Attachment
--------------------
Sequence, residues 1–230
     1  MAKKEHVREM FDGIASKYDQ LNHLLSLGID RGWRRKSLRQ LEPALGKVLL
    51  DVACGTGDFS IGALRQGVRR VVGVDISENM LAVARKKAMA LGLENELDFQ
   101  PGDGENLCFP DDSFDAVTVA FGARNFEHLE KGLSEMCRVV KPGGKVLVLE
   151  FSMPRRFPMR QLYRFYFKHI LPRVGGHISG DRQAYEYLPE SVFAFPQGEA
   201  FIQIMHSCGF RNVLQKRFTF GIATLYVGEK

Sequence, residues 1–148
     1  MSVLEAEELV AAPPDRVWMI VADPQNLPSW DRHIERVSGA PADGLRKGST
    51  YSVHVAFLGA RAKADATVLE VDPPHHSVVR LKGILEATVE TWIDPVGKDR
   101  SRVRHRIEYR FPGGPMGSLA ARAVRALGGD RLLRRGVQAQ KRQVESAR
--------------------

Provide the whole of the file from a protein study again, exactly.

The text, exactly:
Sequence, residues 1–230
     1  MAKKEHVREM FDGIASKYDQ LNHLLSLGID RGWRRKSLRQ LEPALGKVLL
    51  DVACGTGDFS IGALRQGVRR VVGVDISENM LAVARKKAMA LGLENELDFQ
   101  PGDGENLCFP DDSFDAVTVA FGARNFEHLE KGLSEMCRVV KPGGKVLVLE
   151  FSMPRRFPMR QLYRFYFKHI LPRVGGHISG DRQAYEYLPE SVFAFPQGEA
   201  FIQIMHSCGF RNVLQKRFTF GIATLYVGEK

Sequence, residues 1–148
     1  MSVLEAEELV AAPPDRVWMI VADPQNLPSW DRHIERVSGA PADGLRKGST
    51  YSVHVAFLGA RAKADATVLE VDPPHHSVVR LKGILEATVE TWIDPVGKDR
   101  SRVRHRIEYR FPGGPMGSLA ARAVRALGGD RLLRRGVQAQ KRQVESAR